to do it that way - well you're going to have to buy tooling anyway
because I suspect your hole saw is toast.
I've found the most problems with getting the plug out of the hole saw
happens when you cut from one side only - sometimes there is no other
choice - and when the hole saw is too short for the material. If there
is enough depth in the saw above the plug, it's a fairly simple matter
to pry the plug out through the slots in the side. Had to punch a
number 2 1/2" holes through 3/4" plywood yesterday (with only one side
accessible) and a screwdriver through the side slots worked the plugs
out quite handily.
OTOH, if the plug completely covers the slots, then it's dismount the
saw, remove the mandrel, and punch out the plug through the mandrel
hole. Be sure the next hole saw you get has enough depth of cut so the
plugs won't completely cover the ejection slots.
Hole saws definitely tend to overheat and burn if you don't get the
saw dust out off the cut. Think about it: there's no place for the
sawdust to go, the cut being essentially endless. Unlike a drill, the
holesaw can't eject the swarf. It just builds and builds, filling the
gullets between the teeth with sawdust, generating heat.
if you have access to compressed air, blow the dust out as you cut-
one hand on the drill press lever, one hand with the blower. Noisy,
but the blade will cut much faster and cooler. If you don't have shop
air, a smaller hole drilled just inside the circumference of your hole
(ie. in on the waste side) will provide a place for the sawdust to
As others have mentioned, a forstners bit it probably better for this
sized hole, but if what you've got is a hole saw...
YES! Drill press use of a hole saw means gravity holds the sawdust
in the cut, and that's the main problem. Augers pull the sawdust out,
as do Forstners. But, they convert the entire plug into chips,
and that means they're doing more work.
I've had good performance from hole saws drilling horizontally, but
the same hole saw is a trial to use in the drill press. Clean the
residue from your hole saw blade (lye or oven cleaner will do it)
and try a slow-ish hand drill with frequent pull-out for dust
clearance. If you must use the drill press, borrow an air compressor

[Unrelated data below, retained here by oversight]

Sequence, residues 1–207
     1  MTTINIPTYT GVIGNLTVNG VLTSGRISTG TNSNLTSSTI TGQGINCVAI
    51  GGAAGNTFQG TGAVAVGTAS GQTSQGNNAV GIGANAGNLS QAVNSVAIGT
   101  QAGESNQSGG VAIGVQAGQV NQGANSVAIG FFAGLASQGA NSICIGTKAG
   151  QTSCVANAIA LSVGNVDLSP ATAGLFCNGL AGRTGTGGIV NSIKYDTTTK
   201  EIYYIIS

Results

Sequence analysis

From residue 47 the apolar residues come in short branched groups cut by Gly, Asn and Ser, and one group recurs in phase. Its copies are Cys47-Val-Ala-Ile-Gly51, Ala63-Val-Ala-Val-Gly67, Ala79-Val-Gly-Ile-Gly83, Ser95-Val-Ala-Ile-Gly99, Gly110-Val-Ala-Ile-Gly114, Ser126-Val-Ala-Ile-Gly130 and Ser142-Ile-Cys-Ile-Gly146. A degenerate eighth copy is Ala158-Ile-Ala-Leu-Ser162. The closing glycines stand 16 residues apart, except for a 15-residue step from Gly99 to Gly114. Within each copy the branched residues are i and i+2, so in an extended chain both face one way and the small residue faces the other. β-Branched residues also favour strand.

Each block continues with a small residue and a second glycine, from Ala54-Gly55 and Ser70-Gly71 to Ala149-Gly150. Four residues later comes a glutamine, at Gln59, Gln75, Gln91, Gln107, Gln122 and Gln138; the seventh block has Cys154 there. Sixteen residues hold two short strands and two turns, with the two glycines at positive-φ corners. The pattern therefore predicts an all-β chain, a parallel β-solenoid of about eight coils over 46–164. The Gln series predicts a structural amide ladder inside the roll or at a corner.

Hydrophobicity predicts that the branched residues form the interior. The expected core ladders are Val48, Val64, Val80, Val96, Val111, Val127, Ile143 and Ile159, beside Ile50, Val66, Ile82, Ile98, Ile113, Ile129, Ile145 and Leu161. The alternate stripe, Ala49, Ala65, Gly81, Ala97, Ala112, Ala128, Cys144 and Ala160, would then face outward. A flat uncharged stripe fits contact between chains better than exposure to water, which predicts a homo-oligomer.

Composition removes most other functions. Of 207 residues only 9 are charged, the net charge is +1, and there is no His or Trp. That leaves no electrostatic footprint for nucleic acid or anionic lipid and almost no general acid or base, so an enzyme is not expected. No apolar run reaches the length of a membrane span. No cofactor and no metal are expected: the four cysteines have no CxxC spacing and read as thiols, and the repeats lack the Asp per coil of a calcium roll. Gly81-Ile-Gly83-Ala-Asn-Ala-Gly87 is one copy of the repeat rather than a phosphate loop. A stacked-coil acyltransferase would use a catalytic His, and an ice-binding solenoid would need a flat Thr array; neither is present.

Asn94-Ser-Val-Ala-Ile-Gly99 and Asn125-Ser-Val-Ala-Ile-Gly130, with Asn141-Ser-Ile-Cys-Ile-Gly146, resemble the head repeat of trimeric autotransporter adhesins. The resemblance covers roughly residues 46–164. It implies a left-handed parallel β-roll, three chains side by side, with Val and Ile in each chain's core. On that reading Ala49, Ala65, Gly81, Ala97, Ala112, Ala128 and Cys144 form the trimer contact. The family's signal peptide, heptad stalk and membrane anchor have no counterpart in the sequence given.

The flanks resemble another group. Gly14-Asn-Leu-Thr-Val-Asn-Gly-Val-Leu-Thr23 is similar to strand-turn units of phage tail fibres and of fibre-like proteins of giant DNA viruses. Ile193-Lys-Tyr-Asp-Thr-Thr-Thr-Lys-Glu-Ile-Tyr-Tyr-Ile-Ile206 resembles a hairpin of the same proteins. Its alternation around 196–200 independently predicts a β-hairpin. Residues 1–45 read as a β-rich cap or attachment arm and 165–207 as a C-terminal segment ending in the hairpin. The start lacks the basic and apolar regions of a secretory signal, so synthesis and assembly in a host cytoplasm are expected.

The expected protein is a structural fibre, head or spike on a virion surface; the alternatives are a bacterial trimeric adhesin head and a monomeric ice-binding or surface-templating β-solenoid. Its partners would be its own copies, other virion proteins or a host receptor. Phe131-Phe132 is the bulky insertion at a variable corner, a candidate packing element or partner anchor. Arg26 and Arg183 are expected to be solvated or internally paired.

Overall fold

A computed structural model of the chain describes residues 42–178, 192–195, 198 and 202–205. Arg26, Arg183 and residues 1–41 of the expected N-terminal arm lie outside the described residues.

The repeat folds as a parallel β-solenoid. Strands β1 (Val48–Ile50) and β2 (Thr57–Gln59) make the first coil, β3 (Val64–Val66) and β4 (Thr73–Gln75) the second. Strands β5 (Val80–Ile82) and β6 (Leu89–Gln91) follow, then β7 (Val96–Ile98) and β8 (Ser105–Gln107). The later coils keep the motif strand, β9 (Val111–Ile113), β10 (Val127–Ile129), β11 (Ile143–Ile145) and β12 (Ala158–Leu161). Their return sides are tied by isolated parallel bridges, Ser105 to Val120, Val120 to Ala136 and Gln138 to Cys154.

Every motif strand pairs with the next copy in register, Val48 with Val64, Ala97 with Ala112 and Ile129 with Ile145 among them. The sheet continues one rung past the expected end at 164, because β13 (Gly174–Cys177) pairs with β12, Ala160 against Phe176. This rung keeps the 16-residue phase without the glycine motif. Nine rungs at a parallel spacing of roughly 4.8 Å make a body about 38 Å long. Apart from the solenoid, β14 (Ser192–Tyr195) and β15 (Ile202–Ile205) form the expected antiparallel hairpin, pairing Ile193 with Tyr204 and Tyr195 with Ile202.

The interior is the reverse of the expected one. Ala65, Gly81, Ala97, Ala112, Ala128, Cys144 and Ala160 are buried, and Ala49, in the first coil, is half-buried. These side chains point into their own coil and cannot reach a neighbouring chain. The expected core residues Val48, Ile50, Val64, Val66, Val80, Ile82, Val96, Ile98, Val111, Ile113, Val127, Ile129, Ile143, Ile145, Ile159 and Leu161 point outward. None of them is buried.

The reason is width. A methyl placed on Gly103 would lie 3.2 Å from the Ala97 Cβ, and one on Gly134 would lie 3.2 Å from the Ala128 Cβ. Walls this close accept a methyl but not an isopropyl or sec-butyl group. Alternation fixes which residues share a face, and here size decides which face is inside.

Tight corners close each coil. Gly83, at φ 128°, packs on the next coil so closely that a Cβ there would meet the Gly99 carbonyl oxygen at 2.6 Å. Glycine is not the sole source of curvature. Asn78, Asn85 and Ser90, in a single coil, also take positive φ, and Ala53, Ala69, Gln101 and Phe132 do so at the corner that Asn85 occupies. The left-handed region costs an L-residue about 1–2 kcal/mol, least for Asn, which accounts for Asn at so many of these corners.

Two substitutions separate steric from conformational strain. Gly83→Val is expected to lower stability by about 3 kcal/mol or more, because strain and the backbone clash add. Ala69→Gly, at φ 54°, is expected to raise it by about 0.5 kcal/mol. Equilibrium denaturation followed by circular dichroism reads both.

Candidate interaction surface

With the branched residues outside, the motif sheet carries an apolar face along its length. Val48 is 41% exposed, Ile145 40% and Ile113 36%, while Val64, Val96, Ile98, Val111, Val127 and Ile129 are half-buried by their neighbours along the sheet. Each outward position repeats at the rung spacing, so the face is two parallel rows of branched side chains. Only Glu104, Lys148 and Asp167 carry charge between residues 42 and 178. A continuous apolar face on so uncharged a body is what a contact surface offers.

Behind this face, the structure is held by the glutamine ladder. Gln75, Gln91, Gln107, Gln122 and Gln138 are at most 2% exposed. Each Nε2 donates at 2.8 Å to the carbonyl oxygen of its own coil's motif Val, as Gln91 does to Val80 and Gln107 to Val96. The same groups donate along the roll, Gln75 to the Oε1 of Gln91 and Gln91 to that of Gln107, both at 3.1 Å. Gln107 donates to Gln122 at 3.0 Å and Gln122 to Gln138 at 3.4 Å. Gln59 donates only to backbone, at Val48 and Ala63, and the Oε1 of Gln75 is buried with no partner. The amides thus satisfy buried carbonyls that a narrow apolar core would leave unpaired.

On 26 Jun, 06:04, firstname.lastname@example.org (Ross Hebeisen) wrote:
-- try adding a little paste wax on the inside and outside of the hole
Will the wax impact the paint coverage - Rustoleum spray primer and
How about just cutting the whole slot with a jig saw?
Or for a cleaner cut, how about making a simple jig and use the
I think I would rough cut with the jig saw, then use the router and
Let us know what you do.
I was thinking that a 1.25" diameter curve in 3/4 ply might be a
little tough to cut consistantly with a jigsaw. (I don't do a lot of
jigsaw work) Since there are 9 slots spaced evenly along a 31" length
of stock, if I don't get the depth or width fairly consistant, it will
be very noticable. A hole saw on the drill press makes it real easy to
get the spacing and size consistant.
Anyway, I'll be testing my prototype at a game tonight and if it
performs as expected, I'll be making more this weekend. I'm leaning
towards a short auger style bit - under $15 at HD which should get me
through this project. After all the slots are cut, I'll round them all
over with my router. so a little tearout on the bottom won't be
Thanks for all the suggestions.
> I'm leaning
> towards a short auger style bit - under $15 at HD which should get me
> through this project. After all the slots are cut, I'll round them all
> over with my router. so a little tearout on the bottom won't be
Obviously, initial price, not quality, is the controlling issue.
To a certain extent, yes. Although once I use my router to round over
the slots, top and bottom, there will be no way to tell what I used to
cut the holes and slots - an expensive carbide forstner bit or a HSS
spade bit from Harbor Fright.
Keep in mind that I am making bat hangers that will be attached to the
fences at a couple of high school softball fields. I can't stop the
kids from hanging on them, trying to use them as a step to climb the
fence, or even just ripping them off for the fun of it after a few
beers. I'd be very surprised if they last through the summer, so I'm
not going to drop a whole lot of money into specialty bits that I may
never use again. That's why I was hoping the old hole saw that I had
hanging around would have done the job, but it looks like I need to
spend a little money simply to make the job to go easier.
My hope is that if the athletic department or sports booster club sees
what I've done and likes the idea of bat hangers for the dugouts,
they'll spend some of their money for something more permanent. If
they ask me to make them, at that point I won't mind spending *their*
money on a carbide forstner bit, a new bandsaw blade, a new router bit
and some marine-grade plywood. For now, since this a labor of love
being performed with my own time and money, initial price is indeed a
> To a certain extent, yes. Although once I use my router to round over
> the slots, top and bottom, there will be no way to tell what I used to
> cut the holes and slots - an expensive carbide forstner bit or a HSS
> spade bit from Harbor Fright.
<snip the rest of the justification B/S>
If the project can't justify less than $20 for a Freud carbide
forstner bit, it's in trouble.
BTW, "Harbor Freight" and "cutting tools" are mutually exclusive terms.